Fran & John's Doylestown Auto Ctr. v. Allstate Ins. Co.

Annotate this Case

432 Pa. Superior Ct. 449 (1994)

638 A.2d 1023


Superior Court of Pennsylvania.

Argued January 6, 1994.

Filed March 17, 1994.

*450 George A. Gallenthin, Doylestown, for appellant.

Steven C. Shahan, Morrisville, for appellee.


BROSKY, Judge.

This is an appeal from the Order sustaining a preliminary objection in the nature of a demurrer to appellant's second amended Complaint and dismissing the Complaint with prejudice.

On appeal, appellant queries (1) whether an insured may assign an interest which the insured has in a contract of insurance limited to a specific loss covered under the contract of insurance to a third-party beneficiary (appellant herein) without the consent of the insurer (appellee herein); and (2) whether appellant, as a third-party beneficiary to a contract of insurance between an insured and appellee, may file an action as a real party in interest and specifically for fraudulent misrepresentation. We affirm.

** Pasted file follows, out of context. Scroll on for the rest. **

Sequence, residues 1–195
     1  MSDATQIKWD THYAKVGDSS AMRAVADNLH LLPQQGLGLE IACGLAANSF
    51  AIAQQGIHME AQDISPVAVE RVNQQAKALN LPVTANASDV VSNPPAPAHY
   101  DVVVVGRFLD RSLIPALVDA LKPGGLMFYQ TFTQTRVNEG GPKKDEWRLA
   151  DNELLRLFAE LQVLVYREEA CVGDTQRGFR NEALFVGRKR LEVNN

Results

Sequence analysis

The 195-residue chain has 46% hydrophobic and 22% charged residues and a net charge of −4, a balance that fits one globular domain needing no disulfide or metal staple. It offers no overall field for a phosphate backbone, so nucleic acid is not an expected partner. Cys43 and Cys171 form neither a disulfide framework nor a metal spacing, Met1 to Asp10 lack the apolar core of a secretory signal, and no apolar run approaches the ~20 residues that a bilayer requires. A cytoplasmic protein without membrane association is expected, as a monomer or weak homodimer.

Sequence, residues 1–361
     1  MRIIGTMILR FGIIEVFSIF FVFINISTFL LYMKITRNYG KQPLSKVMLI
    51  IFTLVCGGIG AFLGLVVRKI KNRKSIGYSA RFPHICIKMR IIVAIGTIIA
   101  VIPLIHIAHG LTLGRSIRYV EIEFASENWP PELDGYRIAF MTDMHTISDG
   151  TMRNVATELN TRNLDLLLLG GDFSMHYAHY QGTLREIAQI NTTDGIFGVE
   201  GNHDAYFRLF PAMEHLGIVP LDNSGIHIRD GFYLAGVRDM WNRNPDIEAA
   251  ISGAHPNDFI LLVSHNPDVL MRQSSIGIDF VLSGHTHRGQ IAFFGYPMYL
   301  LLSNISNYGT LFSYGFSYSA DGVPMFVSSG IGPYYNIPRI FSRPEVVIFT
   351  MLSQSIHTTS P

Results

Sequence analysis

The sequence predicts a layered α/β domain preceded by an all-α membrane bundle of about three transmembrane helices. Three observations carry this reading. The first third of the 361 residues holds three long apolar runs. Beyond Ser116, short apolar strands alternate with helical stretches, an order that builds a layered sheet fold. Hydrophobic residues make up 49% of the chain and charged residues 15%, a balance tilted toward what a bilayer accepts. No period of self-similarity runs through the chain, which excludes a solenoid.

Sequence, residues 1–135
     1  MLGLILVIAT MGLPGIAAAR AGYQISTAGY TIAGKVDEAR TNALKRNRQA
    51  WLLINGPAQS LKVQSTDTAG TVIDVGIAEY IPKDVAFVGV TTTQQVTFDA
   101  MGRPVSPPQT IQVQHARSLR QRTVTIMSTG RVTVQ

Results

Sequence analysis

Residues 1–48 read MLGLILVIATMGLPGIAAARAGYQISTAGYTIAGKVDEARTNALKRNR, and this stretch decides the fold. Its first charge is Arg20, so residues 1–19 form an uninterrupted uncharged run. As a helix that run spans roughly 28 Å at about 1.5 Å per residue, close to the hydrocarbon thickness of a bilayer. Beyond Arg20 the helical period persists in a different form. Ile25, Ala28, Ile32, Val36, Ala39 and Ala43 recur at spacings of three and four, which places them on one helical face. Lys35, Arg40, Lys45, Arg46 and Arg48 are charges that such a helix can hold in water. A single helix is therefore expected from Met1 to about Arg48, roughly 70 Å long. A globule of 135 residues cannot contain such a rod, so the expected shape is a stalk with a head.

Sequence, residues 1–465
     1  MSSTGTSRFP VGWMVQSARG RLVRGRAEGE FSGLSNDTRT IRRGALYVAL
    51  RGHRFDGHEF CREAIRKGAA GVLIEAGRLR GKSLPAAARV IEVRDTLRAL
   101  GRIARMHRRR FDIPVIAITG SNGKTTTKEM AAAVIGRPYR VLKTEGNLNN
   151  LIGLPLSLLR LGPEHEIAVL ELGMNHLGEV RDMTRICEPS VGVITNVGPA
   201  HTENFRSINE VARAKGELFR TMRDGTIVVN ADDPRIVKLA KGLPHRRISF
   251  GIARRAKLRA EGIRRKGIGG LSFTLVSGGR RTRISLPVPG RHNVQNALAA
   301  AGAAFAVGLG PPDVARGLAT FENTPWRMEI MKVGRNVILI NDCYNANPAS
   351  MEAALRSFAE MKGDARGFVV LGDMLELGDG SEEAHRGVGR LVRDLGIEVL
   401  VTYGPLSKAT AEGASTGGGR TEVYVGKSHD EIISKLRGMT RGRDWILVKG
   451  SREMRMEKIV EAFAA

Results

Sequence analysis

*451 Appellant initiated a cause of action against appellee grounded in fraud, for violation of the Unfair Trade Practices and Consumer Protection Law (73 P.S. §§ 201-1 et seq.) and for relief pursuant to 42 Pa.C.S.A. § 8371 for payment of interest because of appellee's alleged bad faith. This cause of action arose from appellant's repair of motor vehicles belonging to appellee's insureds. The vehicles involved had been damaged in automobile accidents. Appellee's adjustor prepared an estimate for each damaged vehicle and issued checks in the amount of the estimates. Appellant, in the process of repairing the damaged vehicles, requested supplemental sums which it claimed was necessary in order to complete the repairs. Appellee's adjustor then prepared new estimates and negotiated with appellant concerning these supplemental amounts. Apparently, appellant was dissatisfied with the negotiated supplemental amounts and filed the instant cause of action against appellee to recover sums representing the differences between the negotiated supplemental amounts to repair each of the motor vehicles and the supplemental amounts which appellant had requested from appellee.

Appellant requested each of appellee's insureds whose motor vehicles were being repaired by it to execute a document which appellant had labelled "Assignment". This document purported to assign to appellant the insureds' claim to payment for repairs from appellee under their respective contracts of insurance with appellee. The language of each "Assignment" is identical except for the name of the insured and the date of the accident and is as follows: